Not much good news

There are a plethora of issues weighing on asset markets though sentiment has improved slightly today.  Weak Chinese trade data over the weekend and a revision lower to Japanese GDP data yesterday added to growing global growth concerns, against the background of waning hopes of a resolution to the US-China trade war.

US administration comments that there was a hard deadline for trade talks have not helped sentiment either.  News today that Chinese Vice Premier Liu He spoke with US Treasury Secretary Mnuchin and US Trade Rep Lighthizer on a timetable and road map on trade talks provided some relief, however.

In the US, growth expectations are undergoing a shift and talk of a Fed pause is growing.  This would be considered as good news for EM if it wasn’t for the fact that a pause could be due to US growth concerns rather than any sense that the Fed was approaching its terminal rate.  US November CPI, retail sales, and industrial production data will give more clues, but I still think the Fed policy rates next week.

In the UK, Brexit worries have intensified following the decision by Prime Minister May to the delay the vote on a deal in parliament given she would most likely would have faced a defeat had it gone ahead.  May will now go on a tour of European capitals to try to improve the Brexit deal but prospects don’t look good, especially as European Council president Tusk has already ruled out any negotiation of the deal and in particular the Irish backstop.

GBP was pummeled as a result of the delay and will continue to struggle in the short term given the lack visibility.  A revised deal appears difficult while a hard Brexit and even a new referendum are all on the table.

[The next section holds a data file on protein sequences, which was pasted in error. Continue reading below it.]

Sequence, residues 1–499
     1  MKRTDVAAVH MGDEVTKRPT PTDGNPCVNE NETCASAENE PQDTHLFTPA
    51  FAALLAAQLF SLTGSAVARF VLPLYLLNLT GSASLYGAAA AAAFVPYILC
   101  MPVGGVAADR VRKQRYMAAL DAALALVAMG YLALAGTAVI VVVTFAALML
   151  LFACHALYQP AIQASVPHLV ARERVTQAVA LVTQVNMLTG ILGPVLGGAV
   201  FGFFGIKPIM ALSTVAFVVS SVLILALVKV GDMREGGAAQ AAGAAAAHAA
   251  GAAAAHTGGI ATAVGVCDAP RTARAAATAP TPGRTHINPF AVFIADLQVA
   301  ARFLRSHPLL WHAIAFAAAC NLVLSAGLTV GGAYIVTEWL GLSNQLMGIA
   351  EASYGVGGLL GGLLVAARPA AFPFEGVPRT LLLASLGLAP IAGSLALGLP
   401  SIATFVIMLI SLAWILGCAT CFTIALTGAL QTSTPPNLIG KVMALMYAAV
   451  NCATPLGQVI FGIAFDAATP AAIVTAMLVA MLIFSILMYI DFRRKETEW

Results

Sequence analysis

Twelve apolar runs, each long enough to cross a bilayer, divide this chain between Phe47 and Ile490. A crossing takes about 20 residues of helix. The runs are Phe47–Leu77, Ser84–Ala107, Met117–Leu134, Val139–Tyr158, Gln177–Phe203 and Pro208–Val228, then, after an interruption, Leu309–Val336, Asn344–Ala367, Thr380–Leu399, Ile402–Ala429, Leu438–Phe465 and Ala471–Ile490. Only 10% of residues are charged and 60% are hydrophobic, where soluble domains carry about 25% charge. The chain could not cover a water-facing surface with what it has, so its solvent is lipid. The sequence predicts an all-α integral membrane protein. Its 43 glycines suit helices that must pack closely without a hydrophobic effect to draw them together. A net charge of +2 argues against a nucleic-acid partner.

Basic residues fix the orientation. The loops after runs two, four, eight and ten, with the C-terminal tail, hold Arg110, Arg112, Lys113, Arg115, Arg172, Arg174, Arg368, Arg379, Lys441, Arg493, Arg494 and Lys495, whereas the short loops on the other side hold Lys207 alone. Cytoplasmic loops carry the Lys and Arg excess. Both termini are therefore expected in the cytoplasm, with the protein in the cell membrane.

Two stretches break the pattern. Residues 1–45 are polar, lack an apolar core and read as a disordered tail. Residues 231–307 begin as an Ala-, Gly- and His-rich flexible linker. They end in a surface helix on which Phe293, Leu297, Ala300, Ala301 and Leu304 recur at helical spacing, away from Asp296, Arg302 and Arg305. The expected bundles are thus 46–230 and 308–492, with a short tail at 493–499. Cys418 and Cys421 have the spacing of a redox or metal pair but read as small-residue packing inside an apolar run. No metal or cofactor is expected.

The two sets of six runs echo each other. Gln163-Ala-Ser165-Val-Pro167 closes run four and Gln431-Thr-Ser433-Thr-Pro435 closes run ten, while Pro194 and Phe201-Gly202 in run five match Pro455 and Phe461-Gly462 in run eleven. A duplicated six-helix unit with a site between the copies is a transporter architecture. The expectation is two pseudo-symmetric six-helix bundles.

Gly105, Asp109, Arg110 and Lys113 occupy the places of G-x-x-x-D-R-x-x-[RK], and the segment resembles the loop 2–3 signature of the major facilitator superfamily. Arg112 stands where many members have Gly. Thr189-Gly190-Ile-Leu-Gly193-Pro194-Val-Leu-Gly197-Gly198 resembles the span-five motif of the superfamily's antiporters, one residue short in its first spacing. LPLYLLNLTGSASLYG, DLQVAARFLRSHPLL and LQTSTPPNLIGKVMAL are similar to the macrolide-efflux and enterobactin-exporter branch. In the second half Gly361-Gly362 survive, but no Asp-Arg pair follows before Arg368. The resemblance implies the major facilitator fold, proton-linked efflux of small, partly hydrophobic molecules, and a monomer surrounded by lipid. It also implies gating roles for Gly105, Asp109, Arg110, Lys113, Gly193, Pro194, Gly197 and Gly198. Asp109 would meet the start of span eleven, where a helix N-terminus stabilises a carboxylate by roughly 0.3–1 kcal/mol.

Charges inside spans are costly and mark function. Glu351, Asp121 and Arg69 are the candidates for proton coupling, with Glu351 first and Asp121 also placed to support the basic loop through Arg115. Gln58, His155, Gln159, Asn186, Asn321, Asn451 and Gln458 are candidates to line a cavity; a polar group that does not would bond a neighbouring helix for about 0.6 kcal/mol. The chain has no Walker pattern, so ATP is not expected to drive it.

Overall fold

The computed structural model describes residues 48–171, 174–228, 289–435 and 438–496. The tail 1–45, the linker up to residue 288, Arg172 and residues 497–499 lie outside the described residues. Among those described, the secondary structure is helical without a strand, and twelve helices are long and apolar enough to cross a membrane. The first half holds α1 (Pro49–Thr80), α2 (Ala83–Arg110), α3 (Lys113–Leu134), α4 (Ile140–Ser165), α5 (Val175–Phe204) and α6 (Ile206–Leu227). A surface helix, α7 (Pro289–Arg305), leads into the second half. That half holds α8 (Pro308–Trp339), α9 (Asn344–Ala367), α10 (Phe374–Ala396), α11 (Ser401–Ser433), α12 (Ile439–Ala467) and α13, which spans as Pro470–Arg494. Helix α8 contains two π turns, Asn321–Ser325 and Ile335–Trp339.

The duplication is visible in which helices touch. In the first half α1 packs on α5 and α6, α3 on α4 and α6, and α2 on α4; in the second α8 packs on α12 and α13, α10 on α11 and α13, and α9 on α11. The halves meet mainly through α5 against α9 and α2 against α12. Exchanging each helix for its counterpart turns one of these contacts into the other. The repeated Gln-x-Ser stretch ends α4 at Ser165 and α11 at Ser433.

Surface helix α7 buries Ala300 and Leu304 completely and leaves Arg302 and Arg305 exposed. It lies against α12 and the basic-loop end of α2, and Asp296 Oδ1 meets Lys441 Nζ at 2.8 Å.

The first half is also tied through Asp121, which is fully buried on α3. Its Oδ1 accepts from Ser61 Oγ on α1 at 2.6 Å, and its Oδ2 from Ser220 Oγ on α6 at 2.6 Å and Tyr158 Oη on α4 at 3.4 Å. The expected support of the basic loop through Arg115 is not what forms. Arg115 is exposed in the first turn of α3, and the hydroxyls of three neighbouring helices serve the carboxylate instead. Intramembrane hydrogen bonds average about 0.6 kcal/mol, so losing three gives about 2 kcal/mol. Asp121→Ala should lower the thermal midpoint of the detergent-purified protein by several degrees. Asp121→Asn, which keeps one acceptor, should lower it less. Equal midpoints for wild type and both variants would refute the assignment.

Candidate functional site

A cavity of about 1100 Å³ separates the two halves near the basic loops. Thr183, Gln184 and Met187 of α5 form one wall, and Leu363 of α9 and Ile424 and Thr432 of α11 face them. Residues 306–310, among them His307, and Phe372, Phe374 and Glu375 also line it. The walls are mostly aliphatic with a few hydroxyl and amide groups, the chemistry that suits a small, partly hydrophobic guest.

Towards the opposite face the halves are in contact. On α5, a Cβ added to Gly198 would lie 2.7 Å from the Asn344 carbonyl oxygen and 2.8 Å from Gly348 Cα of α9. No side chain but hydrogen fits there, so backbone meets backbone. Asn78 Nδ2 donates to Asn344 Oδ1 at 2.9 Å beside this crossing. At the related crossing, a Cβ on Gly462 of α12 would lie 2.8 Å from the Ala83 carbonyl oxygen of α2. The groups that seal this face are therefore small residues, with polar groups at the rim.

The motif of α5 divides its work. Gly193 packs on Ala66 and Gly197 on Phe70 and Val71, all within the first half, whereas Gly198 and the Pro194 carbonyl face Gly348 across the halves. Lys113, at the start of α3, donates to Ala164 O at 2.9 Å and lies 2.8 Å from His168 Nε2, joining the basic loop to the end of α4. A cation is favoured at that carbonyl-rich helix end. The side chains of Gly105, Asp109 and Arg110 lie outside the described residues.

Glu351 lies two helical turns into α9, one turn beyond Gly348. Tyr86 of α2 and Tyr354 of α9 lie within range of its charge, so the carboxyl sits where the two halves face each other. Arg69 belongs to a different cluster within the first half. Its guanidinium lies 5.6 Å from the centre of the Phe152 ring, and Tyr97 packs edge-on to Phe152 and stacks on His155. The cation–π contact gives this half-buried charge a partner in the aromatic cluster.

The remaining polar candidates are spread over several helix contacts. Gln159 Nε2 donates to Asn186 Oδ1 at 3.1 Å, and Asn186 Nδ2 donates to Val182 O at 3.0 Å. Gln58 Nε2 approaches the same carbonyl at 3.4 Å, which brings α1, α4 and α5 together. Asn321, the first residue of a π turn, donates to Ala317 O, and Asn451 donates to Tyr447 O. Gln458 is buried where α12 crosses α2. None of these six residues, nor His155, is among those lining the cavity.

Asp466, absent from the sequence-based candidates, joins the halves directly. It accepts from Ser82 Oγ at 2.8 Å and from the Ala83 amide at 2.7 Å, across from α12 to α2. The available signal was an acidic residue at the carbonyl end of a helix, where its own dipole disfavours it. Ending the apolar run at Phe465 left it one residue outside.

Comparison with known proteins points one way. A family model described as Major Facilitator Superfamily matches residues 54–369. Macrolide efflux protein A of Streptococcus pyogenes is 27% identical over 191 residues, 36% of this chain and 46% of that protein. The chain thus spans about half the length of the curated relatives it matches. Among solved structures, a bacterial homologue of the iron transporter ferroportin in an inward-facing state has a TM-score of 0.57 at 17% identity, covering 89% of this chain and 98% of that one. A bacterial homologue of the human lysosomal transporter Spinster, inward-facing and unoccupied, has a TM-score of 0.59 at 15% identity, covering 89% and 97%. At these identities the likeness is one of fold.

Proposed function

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Risk aversion edging higher

As the reverberations from China’s poor trade data, weaker loan growth and money supply, as well as continued tensions in the Ukraine ahead of a referendum next Sunday, spread through the market, risk aversion continues to edge higher according to our risk barometer.

Lingering questions over the weather impact on the US economy are also capping risk appetite even after the better than expected US jobs report at the end of last week. Although there is no sign of any panic selling of risk assets at present the tone is decidedly cautious.

Consequently safe haven assets remain in demand, with for example gold prices holding up well and US Treasury yields being capped. Additionally industrial commodity prices have taken a hit, with iron ore prices under major pressure.

There is little on the agenda today that will give a clearer picture for markets, with the Bank of Japan policy meeting and UK industrial production data, the key events for the day. As a result, caution is likely to prevail.

GBP/USD struggling above 1.6700

Although the Bank of England meeting is likely to be a non event today from a market perspective GBP/USD is clearly struggling to sustain a move above 1.6700. GBP/USD has breached 1.6700 12 times since mid February but only closed above this level 4 times. Over the near term strong resistance around 1.6769 will cap gains in the currency pair, with GBP continuing to look vulnerable above 1.6700. Some recent misses on the data front have not helped GBP’s cause, suggesting that caution for GBP bulls is warranted. GBP bulls may find more traction versus EUR instead of USD, with EUR/GBP set to come under further downward pressure as the EUR weakens anew. A break below 0.8200 beckons.

USD undermined, GBP supported for now

Despite its overnight bounce the USD index is trading close to its lowest levels this year undermined by a series of weaker economic data and related to this a failure of US bond yields to push higher. Alongside this relatively soft USD tone is a generally subdued and range bound tone to FX markets in general.

Even my quantitative models suggest little impetus for big moves in EUR/USD and USD/JPY. However, I expect this to change over coming weeks. Once the US economy shakes off the shackles of poor weather conditions the USD will be in a better position to recoup its recent losses.